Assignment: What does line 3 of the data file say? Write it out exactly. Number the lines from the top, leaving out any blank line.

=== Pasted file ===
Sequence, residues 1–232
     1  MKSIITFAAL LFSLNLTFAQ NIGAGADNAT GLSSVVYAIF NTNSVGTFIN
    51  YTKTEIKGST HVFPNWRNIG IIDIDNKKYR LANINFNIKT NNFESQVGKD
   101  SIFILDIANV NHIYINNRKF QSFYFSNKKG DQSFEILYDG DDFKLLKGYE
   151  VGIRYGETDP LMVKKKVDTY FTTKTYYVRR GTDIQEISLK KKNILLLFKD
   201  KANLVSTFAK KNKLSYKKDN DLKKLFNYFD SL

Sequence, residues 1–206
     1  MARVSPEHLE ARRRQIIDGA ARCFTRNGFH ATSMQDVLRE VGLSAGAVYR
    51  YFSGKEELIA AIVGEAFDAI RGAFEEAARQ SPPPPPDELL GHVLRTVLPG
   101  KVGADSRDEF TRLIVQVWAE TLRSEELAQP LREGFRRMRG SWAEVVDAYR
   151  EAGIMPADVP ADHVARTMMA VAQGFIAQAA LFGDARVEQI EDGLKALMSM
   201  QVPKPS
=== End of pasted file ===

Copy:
    51  YTKTEIKGST HVFPNWRNIG IIDIDNKKYR LANINFNIKT NNFESQVGKD